As of July 1, the minimum cost of a BART ticket will increase to $1.75

Marlon Mendieta, the program director for Dolores Housing Program, said that he can’t afford to live in the city with the income he makes working for a non-profit in the Mission District and is forced to take BART  from his home in Benicia.

“Every time BART talks about a fare increase I have to ask myself if it is still cheaper to take public transportation.”

With the BART increase rides will cost him a minimum of $200 a month. Add the $90 a month he pays to shuttle to BART and he will now spend nearly $300 a month on BART.

Mendieta, like others in the Mission District who talked Friday about the July 1 increases of 25 cents  on BART and  50 cents  on Muni, wondered where the hikes would end. Not there, the BART Board also decided Thursday that the ride to San Francisco International Airport will jump by $2.50 and parking lot fees of a $1 a day will be charged at eight more lots in the East Bay.

Sue Evers who lives on Capp Street doesn’t ride BART everyday but said she loves it for traveling to the airport, and was shocked about the increase to SFO.  “That’s like a 300% increase…that’s crazy!” she said.  “It’s tough for that kind of increase, especially now, we’re in a recession.”

Jorge Cancha agrees. He was riding his bike down Mission Street while others were waiting impatiently for the bus. He said taking Muni or BART is already too expensive for him.  Moreover, he doesn’t like waiting and there will be even more waiting  at BART stations as night and weekend trains  will run every 20 minutes instead of every 15 minutes starting in September.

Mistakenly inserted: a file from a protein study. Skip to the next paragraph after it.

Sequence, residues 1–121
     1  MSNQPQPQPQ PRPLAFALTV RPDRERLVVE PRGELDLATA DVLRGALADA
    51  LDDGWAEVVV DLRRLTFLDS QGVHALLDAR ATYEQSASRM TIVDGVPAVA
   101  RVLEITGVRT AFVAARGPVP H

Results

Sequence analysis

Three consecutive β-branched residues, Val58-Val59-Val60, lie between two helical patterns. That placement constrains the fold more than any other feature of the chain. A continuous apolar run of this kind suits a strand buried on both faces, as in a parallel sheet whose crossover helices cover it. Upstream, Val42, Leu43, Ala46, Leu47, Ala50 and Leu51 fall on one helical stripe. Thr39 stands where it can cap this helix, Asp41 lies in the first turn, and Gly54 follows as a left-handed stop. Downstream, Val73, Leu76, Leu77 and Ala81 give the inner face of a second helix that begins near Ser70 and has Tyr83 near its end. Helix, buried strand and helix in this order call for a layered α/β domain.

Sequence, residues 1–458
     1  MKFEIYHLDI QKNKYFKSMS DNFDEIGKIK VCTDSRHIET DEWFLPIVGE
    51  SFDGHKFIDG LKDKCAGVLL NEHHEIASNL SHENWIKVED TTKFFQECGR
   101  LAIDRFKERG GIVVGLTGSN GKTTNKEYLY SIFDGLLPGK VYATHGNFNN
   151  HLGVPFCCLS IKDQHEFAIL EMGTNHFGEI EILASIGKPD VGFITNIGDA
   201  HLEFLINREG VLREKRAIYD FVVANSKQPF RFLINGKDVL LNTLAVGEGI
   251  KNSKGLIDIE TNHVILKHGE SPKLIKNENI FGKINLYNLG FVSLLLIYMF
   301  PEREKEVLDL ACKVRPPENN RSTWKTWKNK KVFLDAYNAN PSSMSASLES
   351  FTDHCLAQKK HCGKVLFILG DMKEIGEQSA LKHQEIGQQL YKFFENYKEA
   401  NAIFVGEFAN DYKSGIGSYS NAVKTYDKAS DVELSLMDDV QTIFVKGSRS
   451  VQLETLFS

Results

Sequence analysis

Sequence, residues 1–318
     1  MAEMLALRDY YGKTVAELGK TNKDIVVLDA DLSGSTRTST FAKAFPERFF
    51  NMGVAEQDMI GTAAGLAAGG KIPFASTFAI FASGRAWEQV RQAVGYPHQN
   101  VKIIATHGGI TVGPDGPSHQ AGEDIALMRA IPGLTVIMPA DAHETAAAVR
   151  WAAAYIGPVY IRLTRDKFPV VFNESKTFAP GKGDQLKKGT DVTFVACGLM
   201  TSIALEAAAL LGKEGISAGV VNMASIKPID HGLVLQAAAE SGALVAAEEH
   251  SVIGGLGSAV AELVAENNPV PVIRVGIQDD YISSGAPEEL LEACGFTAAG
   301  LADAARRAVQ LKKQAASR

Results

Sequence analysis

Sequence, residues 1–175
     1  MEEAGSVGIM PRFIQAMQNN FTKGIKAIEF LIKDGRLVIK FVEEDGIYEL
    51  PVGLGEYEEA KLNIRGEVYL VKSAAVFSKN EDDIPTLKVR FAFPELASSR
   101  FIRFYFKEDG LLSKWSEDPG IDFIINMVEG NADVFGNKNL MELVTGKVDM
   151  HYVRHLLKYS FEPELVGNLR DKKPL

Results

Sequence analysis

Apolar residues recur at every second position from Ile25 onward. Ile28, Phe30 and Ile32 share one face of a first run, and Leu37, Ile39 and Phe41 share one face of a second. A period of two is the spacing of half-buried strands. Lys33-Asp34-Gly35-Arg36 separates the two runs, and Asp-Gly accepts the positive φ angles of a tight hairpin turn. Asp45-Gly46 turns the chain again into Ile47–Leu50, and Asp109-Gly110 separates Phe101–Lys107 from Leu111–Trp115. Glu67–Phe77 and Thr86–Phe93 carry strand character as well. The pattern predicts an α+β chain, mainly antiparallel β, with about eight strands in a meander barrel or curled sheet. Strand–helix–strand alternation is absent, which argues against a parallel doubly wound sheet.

So Cancha will continue to ride his bike  from his home near 18th and Mission to his job downtown. “It is worth the 20 minute ride to save the $60 a month it would cost me to get to and from work 5 days a week,” he said.

Others don’t have that option.   Trivino Vasquez a fruit vendor who sells cut mangos and watermelon from a cart said he has no leeway to add to his monthly expenses. As a senior citizen he is able to take his four rides a day with a Muni fast pass that costs him $10 a month. With a modest income of $300 a month he said the $5 pass increase will be a definite strain. “The Mission has high rent and fifteen dollars will definitely be too much for me to afford,” he said.

Many Latinos in the Mission District appear to have left BART long ago.  It’s unclear if it’s price or convenience, but Hispanics represent 50 percent of Mission District residents, according to the 2000 Census, but only 17 percent of the BART riders at the 16th Street station and 18 percent of the riders at the 24th Street station, according to the the 2008 BART Station Profile Study.   Some 70 percent of the riders at both stations earn more than $50,000 a year.  But, no matter the income, most were unhappy about further hikes.

“BART” mural by M.Rios, A Machado and R. Montez, painted in 1975.

Tom Zurkan, who works only blocks away from his home in the Mission, wasn’t happy about the increases but had a solution to save his money.  “I might walk more.  I don’t have a car anymore because of parking tickets,” he said.  “If they were going to be actually more frequent so BART is more useful an increase makes sense, otherwise it doesn’t.  Service to cost, I’d walk more because it certainly doesn’t make sense to pay $2.00 to go twelve blocks.”